Florida Judge Strikes Down Obamacare, Amicus Author CEI Praises Decision
Washington, D.C., January 31, 2011 — A federal judge in Florida today struck down Obamacare, the president’s signature health care take-over. CEI, which had filed an amicus brief opposing the law on behalf of two governors, Tim Pawlenty (R-Minn.) and Donald Carcieri (R-R.I.), called the case a major win for individual rights.
In today’s ruling, the Judge declared the entire health care law unconstitutional because, as he noted, the individual mandate was not severable from the rest of the law. In his severability ruling, the judge relied upon a Supreme Court decision last June, in a case brought by CEI (Free Enterprise Fund v. PCAOB).
Statement by Hans Bader, CEI Legal Counsel
Judge Vinson rightly declared the healthcare law’s individual mandate unconstitutional, since the inactivity of not buying health insurance is not an “economic activity” that Congress has the power to regulate under the Interstate Commerce Clause.
He also rightly declared the law as a whole unconstitutional. The health care law lacks a severability clause. So if a major provision like the individual mandate is unconstitutional – as it indeed was – then the whole law must be struck down.
The absence of a severability clause meant that, at a minimum, the burden of proof shifted to the government to show (among other things) that the law would have passed even without the individual-mandate provision that the court has just ruled unconstitutional. The government could not, and did not, meet that burden of proof, given the incredibly narrow margin by which the health care law passed in the House, and the fact that it circumvented a filibuster with no votes to spare in the Senate.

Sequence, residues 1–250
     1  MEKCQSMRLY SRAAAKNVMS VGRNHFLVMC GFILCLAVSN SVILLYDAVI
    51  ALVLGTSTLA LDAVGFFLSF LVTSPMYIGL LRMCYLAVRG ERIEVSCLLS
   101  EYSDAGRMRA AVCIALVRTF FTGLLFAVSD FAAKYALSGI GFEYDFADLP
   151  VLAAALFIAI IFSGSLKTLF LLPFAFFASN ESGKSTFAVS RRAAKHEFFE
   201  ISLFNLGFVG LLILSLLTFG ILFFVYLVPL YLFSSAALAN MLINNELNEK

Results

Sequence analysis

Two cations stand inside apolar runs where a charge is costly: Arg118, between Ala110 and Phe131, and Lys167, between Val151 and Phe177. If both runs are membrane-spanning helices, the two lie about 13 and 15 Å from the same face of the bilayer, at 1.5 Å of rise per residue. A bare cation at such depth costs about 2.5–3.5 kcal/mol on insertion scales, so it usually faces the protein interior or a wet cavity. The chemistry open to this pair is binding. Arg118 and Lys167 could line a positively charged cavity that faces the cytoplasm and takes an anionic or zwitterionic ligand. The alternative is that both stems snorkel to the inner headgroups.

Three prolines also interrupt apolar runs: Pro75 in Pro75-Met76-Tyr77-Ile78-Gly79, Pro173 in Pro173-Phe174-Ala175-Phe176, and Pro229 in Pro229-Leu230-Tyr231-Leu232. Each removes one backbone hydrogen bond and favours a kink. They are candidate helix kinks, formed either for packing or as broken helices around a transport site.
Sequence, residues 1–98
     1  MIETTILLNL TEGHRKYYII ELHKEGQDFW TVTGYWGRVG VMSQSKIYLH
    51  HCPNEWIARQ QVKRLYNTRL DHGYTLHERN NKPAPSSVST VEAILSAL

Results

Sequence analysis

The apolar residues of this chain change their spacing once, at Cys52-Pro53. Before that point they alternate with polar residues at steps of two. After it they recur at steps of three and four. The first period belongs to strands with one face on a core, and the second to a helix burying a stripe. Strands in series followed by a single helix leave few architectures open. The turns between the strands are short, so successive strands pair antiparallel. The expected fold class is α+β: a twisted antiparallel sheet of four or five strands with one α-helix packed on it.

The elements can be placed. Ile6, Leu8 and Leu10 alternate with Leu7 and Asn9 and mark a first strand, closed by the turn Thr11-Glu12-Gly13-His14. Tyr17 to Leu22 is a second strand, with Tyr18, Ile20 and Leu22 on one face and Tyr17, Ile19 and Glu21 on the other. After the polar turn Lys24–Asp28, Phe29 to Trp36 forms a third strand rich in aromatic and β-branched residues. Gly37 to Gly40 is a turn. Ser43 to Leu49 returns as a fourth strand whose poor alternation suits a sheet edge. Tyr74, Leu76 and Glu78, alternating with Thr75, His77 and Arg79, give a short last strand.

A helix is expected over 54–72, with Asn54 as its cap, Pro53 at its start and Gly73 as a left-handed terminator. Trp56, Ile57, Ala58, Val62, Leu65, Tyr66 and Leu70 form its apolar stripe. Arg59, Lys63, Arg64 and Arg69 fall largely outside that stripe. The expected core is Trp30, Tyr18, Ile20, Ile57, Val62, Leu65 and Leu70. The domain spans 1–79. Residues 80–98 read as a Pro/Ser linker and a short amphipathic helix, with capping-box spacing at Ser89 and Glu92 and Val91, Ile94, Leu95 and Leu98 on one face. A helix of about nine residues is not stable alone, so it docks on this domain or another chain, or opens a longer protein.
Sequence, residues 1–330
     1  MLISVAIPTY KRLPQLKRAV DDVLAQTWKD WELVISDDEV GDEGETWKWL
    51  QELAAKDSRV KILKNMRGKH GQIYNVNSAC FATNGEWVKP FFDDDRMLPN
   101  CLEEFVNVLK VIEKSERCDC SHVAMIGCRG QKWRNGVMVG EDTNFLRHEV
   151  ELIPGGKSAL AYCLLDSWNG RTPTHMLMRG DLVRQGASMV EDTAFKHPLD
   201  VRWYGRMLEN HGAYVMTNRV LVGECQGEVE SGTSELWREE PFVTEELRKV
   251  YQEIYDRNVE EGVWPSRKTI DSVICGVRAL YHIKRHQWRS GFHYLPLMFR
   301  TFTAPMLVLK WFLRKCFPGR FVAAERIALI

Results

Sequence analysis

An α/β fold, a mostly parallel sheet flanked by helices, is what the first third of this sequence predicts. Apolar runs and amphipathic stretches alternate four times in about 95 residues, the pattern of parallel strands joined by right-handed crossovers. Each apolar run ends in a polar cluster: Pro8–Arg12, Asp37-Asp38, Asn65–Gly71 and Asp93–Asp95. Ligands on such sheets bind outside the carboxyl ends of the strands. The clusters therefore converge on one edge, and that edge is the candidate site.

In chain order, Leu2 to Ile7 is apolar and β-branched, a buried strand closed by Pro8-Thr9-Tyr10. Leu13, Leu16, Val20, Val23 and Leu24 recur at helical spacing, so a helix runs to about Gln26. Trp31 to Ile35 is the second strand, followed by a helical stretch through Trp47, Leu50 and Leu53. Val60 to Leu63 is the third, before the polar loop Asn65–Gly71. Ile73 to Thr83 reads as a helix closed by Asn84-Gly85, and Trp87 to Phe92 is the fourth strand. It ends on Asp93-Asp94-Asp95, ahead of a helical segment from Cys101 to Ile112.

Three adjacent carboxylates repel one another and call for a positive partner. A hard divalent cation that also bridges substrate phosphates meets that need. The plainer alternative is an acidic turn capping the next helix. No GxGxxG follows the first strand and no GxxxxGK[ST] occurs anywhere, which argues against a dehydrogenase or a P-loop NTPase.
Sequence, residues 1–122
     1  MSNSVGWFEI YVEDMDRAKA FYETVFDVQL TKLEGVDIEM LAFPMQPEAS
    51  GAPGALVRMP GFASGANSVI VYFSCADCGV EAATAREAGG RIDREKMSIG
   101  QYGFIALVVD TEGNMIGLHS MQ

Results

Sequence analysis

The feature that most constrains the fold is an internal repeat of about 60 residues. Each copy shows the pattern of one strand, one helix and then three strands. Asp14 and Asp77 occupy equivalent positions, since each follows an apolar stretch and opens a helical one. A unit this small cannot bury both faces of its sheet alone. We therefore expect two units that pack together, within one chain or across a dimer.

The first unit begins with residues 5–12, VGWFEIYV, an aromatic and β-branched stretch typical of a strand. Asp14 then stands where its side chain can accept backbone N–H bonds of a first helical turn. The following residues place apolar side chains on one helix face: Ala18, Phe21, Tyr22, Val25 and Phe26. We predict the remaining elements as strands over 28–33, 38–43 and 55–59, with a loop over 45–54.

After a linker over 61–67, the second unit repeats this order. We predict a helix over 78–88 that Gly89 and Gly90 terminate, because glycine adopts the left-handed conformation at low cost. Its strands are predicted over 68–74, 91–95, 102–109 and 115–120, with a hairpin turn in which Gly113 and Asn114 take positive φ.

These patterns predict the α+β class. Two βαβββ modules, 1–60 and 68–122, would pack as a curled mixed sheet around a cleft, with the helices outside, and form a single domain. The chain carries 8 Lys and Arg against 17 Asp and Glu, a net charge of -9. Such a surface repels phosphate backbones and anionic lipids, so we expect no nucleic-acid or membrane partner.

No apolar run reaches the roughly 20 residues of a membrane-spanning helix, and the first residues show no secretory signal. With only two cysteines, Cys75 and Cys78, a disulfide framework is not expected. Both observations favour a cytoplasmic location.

As I noted earlier in The Washington Examiner, “To justify preserving the rest of the law, the judge” in the earlier Virginia case “cited a 2010 Supreme Court ruling that invalidated part of a law — but kept the rest of it in force. But that case involved a law passed almost unanimously by Congress, which would have passed it even without the challenged provision. Obamacare is totally different. It was barely passed by a divided Congress, but only as a package. Supporters admitted that the unconstitutional part of it — the insurance mandate — was the law’s heart. Obamacare’s legion of special-interest giveaways that are ‘extraneous to health care’ does not alter that.” In short, Obamacare’s individual mandate is not “volitionally severable,” as case law requires.
Read the Court's Decision
Read CEI's amicus brief in the case